Expository narratives don't have a list of "must do" items. Their chronological organization follows the flow of the story.
Just as with fictional stories, one narrative may not look much like another narrative, but they definitely don't look anything like arguments.
The idiosyncratic nature of narrative makes it difficult to teach and difficult for students to learn.
Other than arguments and narratives, all the rest of the long list of types of essays in traditional English textbooks can be called I/E texts.
I/E texts are the simplest of the three required types of writing to teach and to learn. That's a very good reason to start teaching nonfiction writing by teaching students to write I/E texts.
While planning their I/E texts, students often are required to use specific types of reasoning such as cause-and-effect analysis or analysis by comparison. That aspect of I/E writing makes I/E writing suitable for a host of curriculum-linked topics.
Also, aspects of arguments and narratives bleed into I/E texts, which accounts for that long list of types of essays in old English textbooks. Discussing a cause-and-effect relationship in an I/E text, for example, requires narrating a sequence of events.
Such naturally occurring infusions ease students in moving from I/E texts to more challenging arguments and narratives with no need for you to teach narrative or argument first.
By adjusting their terminology and restricting their focus to the Common Core's three types of expository writing, genuine English teachers can teach all the traditional types of essays without scaring students to death, while the rest of us can go blithely about teaching expository writing without even knowing the essays' names.
For those of you who are thrilled to bits never to have to think again about types of essays, move on to instructional strategy 2.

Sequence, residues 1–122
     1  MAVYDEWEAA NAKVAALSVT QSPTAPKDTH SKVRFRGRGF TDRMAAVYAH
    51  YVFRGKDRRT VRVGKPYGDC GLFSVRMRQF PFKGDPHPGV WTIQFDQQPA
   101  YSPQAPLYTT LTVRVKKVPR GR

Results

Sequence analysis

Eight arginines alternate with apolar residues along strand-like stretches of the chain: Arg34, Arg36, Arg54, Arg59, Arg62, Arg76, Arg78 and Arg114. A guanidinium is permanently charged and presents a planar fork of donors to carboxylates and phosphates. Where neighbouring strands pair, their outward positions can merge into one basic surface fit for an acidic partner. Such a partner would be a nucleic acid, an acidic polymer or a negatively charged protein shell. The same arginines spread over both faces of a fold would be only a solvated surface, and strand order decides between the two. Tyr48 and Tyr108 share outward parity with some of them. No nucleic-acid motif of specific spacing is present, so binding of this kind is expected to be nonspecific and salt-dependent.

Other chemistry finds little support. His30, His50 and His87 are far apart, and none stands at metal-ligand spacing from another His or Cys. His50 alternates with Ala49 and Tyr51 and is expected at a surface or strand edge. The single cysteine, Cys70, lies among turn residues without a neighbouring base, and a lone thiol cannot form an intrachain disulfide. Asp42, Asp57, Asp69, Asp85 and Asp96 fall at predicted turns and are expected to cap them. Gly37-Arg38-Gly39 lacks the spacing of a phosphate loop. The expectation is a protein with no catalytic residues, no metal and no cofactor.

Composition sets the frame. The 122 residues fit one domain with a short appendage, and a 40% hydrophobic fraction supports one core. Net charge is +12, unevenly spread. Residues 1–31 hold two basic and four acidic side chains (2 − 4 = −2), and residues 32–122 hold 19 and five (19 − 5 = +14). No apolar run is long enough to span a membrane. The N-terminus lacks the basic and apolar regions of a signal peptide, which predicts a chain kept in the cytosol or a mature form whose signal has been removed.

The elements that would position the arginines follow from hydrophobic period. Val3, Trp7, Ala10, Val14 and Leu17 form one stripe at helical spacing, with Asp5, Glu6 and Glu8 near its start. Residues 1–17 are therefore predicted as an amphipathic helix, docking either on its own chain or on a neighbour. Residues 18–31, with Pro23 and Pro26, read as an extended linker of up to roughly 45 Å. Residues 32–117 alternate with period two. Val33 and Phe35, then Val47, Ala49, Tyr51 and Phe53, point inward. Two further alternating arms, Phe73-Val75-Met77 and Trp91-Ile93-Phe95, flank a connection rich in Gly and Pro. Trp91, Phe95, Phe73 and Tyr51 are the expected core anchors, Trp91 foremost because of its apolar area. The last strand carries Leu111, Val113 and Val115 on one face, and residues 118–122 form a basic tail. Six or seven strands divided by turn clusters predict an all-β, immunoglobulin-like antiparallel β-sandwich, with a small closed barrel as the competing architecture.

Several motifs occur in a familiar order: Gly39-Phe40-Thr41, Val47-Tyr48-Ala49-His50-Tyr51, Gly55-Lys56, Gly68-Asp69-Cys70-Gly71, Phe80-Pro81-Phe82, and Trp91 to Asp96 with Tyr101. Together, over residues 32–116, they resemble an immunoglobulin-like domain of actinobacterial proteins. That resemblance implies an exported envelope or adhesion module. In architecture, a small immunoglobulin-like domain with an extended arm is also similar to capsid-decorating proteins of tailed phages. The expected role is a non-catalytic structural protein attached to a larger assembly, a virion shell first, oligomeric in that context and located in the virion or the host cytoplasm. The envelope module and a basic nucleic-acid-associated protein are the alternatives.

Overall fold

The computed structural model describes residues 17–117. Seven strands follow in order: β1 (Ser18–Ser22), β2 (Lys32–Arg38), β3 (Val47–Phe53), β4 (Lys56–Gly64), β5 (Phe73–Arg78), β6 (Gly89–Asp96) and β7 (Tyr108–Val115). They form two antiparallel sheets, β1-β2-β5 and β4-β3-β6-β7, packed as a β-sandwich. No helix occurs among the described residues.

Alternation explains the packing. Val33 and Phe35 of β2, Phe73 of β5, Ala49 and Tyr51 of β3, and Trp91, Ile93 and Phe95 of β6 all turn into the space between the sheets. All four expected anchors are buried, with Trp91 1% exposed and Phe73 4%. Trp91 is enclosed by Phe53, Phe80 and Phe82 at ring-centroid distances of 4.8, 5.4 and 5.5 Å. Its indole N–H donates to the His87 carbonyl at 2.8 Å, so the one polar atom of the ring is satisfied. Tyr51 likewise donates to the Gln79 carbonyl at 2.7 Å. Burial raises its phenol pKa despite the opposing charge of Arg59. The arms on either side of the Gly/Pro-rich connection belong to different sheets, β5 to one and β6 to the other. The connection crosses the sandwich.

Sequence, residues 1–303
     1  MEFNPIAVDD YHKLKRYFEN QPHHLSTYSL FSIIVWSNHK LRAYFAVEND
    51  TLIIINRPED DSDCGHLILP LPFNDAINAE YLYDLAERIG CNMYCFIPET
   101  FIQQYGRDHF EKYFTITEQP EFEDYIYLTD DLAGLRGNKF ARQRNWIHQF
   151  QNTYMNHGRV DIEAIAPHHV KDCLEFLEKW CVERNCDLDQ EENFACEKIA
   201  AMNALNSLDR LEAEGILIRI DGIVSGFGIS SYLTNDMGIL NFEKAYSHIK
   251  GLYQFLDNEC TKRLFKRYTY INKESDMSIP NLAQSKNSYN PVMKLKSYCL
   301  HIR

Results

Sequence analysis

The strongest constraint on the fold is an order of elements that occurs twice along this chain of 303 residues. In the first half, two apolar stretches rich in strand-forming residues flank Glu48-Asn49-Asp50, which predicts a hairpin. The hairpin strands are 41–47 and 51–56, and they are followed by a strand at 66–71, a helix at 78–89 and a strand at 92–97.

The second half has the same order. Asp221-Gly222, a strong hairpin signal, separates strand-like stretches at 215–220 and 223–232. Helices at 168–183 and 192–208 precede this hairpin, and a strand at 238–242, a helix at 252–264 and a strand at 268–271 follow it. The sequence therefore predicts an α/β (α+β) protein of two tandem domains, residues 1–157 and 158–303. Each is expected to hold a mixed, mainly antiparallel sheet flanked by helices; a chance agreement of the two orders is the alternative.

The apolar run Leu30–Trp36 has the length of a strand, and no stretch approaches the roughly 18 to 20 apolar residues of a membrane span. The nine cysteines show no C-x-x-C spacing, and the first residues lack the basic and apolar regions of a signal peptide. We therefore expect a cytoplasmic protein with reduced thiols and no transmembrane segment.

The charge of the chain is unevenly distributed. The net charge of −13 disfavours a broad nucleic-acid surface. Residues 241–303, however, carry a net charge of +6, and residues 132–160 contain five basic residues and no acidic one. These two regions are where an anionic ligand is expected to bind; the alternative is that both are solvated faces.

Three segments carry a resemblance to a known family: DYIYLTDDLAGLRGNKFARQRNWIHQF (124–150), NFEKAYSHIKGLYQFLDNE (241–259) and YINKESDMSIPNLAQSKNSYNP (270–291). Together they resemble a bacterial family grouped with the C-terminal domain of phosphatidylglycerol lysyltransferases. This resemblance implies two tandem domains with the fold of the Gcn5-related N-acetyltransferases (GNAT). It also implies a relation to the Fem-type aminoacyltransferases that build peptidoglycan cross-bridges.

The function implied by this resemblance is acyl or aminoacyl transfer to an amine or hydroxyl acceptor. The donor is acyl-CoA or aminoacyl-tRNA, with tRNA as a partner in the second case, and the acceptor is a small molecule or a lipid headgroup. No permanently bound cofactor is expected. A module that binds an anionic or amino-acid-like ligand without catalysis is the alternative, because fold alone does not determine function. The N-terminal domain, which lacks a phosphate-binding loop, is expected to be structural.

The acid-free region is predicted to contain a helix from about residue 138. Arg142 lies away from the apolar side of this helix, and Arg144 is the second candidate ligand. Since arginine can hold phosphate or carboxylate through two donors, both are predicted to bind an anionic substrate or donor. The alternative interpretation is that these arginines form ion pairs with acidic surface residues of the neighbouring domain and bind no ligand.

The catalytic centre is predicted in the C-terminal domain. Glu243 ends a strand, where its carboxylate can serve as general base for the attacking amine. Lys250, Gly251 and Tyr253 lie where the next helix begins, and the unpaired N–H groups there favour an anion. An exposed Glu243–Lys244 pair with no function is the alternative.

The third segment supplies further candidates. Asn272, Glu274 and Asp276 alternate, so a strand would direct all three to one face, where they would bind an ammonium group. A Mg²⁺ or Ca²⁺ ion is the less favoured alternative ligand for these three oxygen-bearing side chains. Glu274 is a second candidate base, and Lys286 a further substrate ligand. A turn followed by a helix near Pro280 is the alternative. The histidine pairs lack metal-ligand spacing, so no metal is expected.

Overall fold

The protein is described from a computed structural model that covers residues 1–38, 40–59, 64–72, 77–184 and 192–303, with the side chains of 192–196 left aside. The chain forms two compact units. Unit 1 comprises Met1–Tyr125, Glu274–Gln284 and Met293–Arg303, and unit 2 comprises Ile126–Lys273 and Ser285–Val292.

If you reached this page via a search engine, you may wish to start from the beginning to see what you missed. Here are your choices: HOME page. Instructional strategies Start Here. IS1 Teach required writing. IS2 Aim for competence. IS3 Align objectives to goal. IS4 Plan 3/4 point finish. IS5 Teach 1 writing pattern. IS6 Teach 1 writing process. IS7 Individualize remediation. IS8. Do daily writing practice. IS9 Give fast feedback often. IS10 Require full documents. IS 11 Assess for competence. IS12 Be patient.
Content on this page was first posted at you-can-teach-writing.com on 2008-04-16 and updated there 2011-12-13 by Linda Aragoni. She posted this version to yctwriting.com on 2018-01-01.
During Stage 1, the planning stage, of the writing process, you decide what kind of writing is to be done. When you are teaching writing, you make the decision for your students: They will do expository nonfiction writing. It's the easiest type of writing to teach to learn, and has wide applicability.
I'm a retired high school English teacher now adjuncting at a community college. Linda's advice and teaching tips are the best help I have found for teaching the kind of writing needed to survive college.